April 30, 2012 at 11:34 AM ET
From the very first prenatal visit it was clear there was something wrong with Gina Walker’s pregnancy.
“They couldn’t find a heartbeat,” she told TODAY’s Ann Curry. “And they told me that I most likely had miscarried.” She hadn’t – but the complications continued. “Every week there was a new diagnosis. Every week it was something new. I had blood clots, hemorrhages.”
Walker eventually gave birth to a healthy baby girl, but she nearly lost her life in the process. It took almost 35 gallons of blood and seven days in an induced coma to save the San Antonio woman who is now being called the “miracle mom.”
For months doctors were bewildered by the perplexing array of complications. Then, at 20 weeks, Walker’s physicians figured out what was plaguing her pregnancy: a rare, potentially life-threatening condition called placenta percreta.
“It’s a condition where the placenta can implant into the lower portion of the uterus and can invade the bladder,” said Dr. Jason Parker, one of Walker’s doctors and an assistant professor of obstetrics and gynecology at the University of Texas Health Sciences Center in San Antonio.
Walker was then told the scary statistic: One in seven women with placenta percreta doesn’t make it.
“There’s not a lot you can research on the condition, so when you hear statistics like that it’s very scary,” she told Curry. “I prayed a lot.”
On February 15 of this year, Gina Walker went in to the hospital to deliver her baby by C-section.
The delivery went fine, but afterwards things started to quickly go wrong. Although Parker and his team knew that the condition could cause hemorrhaging, they were stunned by how much blood Walker was losing. She eventually went through 35 gallons of blood -- the average woman's body contains just over one gallon of blood.
“When we had delivered the baby, we encountered bleeding that was more than we had expected,” he told TODAY. “Going into surgery, our anesthesia doctors were informed of this and began immediately transfusing the blood products we had available.”
Sitting in the waiting room, Walker’s husband, Dustin, watched as the blood began to arrive.
“I started noticing cooler after cooler of blood that had my wife’s name on it,” he told TODAY. “You know, up and down the hallways, constantly. That’s when I started to get worried.”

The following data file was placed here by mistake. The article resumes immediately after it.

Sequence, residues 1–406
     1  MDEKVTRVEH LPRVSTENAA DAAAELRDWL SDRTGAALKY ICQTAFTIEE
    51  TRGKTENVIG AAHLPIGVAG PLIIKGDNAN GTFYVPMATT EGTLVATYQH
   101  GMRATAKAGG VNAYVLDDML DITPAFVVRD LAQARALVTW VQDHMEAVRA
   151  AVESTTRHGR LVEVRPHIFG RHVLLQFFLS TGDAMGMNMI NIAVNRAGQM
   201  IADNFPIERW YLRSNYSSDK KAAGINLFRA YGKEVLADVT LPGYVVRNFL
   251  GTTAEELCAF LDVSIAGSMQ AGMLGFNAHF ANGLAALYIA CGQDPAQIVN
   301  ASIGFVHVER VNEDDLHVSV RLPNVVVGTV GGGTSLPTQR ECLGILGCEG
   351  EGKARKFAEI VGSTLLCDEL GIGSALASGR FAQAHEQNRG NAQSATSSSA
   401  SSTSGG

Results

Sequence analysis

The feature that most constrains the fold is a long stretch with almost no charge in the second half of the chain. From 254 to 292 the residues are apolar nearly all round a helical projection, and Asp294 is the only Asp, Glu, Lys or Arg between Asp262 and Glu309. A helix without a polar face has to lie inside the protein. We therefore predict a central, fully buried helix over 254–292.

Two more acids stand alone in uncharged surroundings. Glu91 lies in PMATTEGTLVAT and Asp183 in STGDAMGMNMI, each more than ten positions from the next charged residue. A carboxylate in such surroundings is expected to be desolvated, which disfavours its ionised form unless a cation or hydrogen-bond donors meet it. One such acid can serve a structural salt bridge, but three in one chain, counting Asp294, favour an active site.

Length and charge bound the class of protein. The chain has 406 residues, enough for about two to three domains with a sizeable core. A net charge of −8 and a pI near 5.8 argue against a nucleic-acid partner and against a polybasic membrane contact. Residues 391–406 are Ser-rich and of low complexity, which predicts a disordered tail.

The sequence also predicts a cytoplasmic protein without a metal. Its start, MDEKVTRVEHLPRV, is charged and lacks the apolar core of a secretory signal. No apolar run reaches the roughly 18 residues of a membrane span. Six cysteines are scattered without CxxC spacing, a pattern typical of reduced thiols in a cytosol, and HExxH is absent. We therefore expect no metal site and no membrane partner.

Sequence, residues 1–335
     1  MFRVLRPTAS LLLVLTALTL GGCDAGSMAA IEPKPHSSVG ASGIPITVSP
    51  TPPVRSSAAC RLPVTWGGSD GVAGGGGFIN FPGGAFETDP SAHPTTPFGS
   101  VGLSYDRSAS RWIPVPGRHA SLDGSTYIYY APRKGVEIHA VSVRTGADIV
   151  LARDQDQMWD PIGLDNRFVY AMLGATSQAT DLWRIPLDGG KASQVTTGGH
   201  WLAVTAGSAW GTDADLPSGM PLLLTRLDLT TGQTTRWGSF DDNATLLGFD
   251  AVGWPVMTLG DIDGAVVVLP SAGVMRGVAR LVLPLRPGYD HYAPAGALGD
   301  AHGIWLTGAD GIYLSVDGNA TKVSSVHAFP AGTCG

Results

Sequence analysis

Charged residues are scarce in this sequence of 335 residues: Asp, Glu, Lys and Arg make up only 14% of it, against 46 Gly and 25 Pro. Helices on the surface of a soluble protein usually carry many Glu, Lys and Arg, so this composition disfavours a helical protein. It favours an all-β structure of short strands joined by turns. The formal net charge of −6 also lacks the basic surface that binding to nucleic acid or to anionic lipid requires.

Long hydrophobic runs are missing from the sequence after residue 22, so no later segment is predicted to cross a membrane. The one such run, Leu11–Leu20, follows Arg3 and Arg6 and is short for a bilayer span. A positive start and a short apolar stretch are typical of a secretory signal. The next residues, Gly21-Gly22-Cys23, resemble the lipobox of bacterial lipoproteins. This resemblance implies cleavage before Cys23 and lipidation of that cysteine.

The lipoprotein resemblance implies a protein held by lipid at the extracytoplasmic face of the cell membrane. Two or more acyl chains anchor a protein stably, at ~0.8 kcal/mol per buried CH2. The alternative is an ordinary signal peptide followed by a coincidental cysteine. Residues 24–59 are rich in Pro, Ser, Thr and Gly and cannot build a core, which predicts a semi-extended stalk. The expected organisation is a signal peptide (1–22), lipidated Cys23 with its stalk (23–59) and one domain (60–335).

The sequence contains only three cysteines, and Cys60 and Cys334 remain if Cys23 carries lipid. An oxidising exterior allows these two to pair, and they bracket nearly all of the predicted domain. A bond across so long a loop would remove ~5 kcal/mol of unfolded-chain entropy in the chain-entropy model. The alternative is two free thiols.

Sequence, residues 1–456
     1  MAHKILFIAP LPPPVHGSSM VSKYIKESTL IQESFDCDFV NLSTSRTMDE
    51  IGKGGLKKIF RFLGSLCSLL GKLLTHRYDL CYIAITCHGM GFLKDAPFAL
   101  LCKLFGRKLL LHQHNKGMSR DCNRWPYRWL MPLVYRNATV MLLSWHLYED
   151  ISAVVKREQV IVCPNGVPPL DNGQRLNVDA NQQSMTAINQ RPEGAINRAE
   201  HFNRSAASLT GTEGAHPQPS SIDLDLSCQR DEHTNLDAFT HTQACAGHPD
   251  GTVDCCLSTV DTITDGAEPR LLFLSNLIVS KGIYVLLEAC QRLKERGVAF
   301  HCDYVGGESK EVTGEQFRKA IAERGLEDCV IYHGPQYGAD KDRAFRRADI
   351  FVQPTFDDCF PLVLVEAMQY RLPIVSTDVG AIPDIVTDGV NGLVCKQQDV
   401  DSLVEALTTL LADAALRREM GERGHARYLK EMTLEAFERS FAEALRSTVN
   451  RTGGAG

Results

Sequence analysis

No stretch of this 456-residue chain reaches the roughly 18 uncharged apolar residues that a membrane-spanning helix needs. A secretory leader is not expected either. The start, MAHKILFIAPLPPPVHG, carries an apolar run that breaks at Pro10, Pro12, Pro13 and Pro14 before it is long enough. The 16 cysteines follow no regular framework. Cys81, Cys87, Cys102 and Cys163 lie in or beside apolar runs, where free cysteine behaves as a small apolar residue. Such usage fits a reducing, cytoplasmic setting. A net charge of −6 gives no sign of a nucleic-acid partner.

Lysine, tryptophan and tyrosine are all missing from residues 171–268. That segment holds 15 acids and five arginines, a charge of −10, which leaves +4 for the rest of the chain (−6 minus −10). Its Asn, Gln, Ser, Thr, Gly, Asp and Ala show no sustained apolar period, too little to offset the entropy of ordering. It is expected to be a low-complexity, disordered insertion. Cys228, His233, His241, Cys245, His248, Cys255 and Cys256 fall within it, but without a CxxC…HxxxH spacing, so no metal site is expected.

The whole hospital was working to save Walker. "We knew that we had an OB patient up there," said Sherrie Walker, transfusion medicine manager at University Hospital. "We knew there was a baby involved. ... Everybody was working so hard and so fast to get this done."
Knowing that Gina might need transfusions, Dustin had reached out to friends before she went in to the hospital to ask them to donate blood. The response was overwhelming.
“A lot of our friends took the idea of donating blood and passed it along to all their friends,” he told Curry. “Around the country, they go the word out. And we had several blood drives.”
Even people as far away as Canada offered to donate blood.
Gina was amazed that so many people were willing to help her.
“I don’t know how many people [donated blood],” she told Curry. “I really couldn’t tell you. I just know that it spread quickly and there were people from everywhere.”
Gina’s response to the outpouring of help?
“Thank you,” she said. “Thank you. Thank you. Thank you.
“It was truly a blessing that everyone went out and did that. And I thank God that there are good people out there that will take the time to go do that because it saves lives.”
Because of that support, Dustin Walker has a beautiful little girl and healthy wife with barely a sign of the traumatic delivery that could have led to brain injury, paralysis or even death.
The episode has changed the way Gina looks at life.
“I don’t take anything for granted anymore, whatsoever,” she told TODAY. “Small stuff, I don’t sweat it. Because any day – it can be your last. It was a miracle. It truly was.”
Linda Carroll is a regular contributor to msnbc.com and TODAY.com. She is co-author of the new book "The Concussion Crisis: Anatomy of a Silent Epidemic”
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